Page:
About 80% of all American’s will have back pain at one point or another in their lifetime and back pain is the #1 reason for missed work days and doctor visits, not to mention the #2 reason people visit the emergency room. Back pain affects more men than women, and the reason for this is not fully understood. It could be that men are involved in more dangerous activities, such as extreme sports or car racing, but no one is certain. On the flip side, more women complain about neck pain than men. This is why it’s so vital to keep your spine and neck in alignment with regular chiropractic checkups! No one wants to be on the losing end of this statistic!
Your back has over 200 muscles and of those 200 muscles, 120 of them support the spinal column. That’s some serious “back up support.”
The cervical vertebrae are located in the neck and the first one is called the Atlas vertebrae because, like the Greek Titan who held up the weight of the world, your spine must support the weight of the head (which can weigh 13 pounds!) as well as the rest of the spine and muscles. If they hadn’t been named earlier, who knows? They might have been called the Schwarzenegger!
Just a few of the rich and famous who have experienced back pain or spinal injuries:
✓ Tiger Woods
✓ George Clooney
✓ Florida Governor Rick Perry
✓ Former President John F. Kennedy
✓ Jackie Chan
✓ Jennifer Grey
✓ Jerry Lewis
✓ Dolly Parton
✓ Tony Romo
✓ Peyton Manning
✓ Usain Bolt
✓ Former President George W. Bush
✓ Harrison Ford
✓ Charlize Theron
✓ Sarah Michelle Gellar
✓ Tobey Maguire
Your spine has more than 100 joints, which makes it super flexible. Cartilage makes up about a quarter of your spine’s length, which is another reason it remains flexible. The spinal cord weighs about 35 grams and the spine itself can handle as much as 220 pounds!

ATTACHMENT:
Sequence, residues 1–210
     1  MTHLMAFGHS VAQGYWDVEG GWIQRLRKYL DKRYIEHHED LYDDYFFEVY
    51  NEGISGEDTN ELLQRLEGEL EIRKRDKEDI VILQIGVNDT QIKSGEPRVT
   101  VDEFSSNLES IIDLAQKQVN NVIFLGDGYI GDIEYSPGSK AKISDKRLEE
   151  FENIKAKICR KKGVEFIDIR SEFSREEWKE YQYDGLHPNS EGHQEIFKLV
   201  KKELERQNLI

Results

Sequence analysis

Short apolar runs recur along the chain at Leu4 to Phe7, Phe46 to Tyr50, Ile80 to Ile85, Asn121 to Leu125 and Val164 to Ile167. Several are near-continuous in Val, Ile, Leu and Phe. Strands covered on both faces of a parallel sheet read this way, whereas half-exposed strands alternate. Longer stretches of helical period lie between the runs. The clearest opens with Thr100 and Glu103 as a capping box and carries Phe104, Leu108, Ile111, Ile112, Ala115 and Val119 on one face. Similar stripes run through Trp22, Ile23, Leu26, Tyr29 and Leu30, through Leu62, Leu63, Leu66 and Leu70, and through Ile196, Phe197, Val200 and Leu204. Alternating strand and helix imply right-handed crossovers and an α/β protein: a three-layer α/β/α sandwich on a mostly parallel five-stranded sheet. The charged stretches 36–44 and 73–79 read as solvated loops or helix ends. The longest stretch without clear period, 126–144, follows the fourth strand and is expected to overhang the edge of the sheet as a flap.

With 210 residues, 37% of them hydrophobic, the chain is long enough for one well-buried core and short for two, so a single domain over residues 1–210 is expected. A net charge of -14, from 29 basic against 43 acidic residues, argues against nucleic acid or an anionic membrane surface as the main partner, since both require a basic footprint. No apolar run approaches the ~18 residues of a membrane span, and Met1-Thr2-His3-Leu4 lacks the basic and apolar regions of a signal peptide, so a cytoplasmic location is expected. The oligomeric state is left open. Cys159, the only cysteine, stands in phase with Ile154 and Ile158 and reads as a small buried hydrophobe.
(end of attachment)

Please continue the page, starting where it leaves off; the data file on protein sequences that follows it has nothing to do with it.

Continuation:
Intervertebral discs are cushions of tough cartilage that rest in between the vertebrae of the spine. These cushions act like mini-shock absorbers to prevent the bones from hitting or rubbing against each other. These mini-shocks, combined with the S shape of the spine, also prevent shock to the neck and head when you run.
The leading cause of spinal cord injuries is car accidents. This accounts for over 35% of all spinal cord injuries every year. After age 65, however, this changes. The leading cause of injury, including injury to the spinal cord in the elderly, is from slip and falls.
You might say the spinal column is the original internet; at least within your own body. It is responsible for sending over 1 million electrical messages between the brain and the body every single day. Almost nothing in your body could move or function without the nerves that run through the spine.
We could pay off the national debt if people paid the US government for their back surgery rather than their doctors. American’s spend $86 billion every single year on back surgery, with about 1.2 million surgeries being performed.
It’s interesting to note that not all back pain or back injuries require surgery. At least 80% of back pain doesn’t need any type of invasive treatment or addicting pain medication.
Your chiropractor can help to heal your back pain, even if it’s chronic, through a variety of holistic, non-invasive treatment options, such as chiropractic massage, anti-inflammatory supplements, and chiropractic care.
Your spine and the nerves inside it are one of the most important parts of your body. Taking good care of your spine and joints with regular chiropractic care or checkups is just as important as other yearly health practices, such as flu vaccinations and mammograms.
Dr. Brent Wells has been a trusted chiropractor since moving his family from Oregon to Alaska back in 1998 and founded Better Health Chiropractic & Physical Rehab – B.S. from Univ. of Nevada, Doctorate from Western States Chiropractic College, volunteer for Reflex Sympathetic Dystrophy Foundation, and member of the American Chiropractic Association. As a chiropractor his focus is on family, including his 3 children and wife of 20+ years, his clinics, and ongoing education.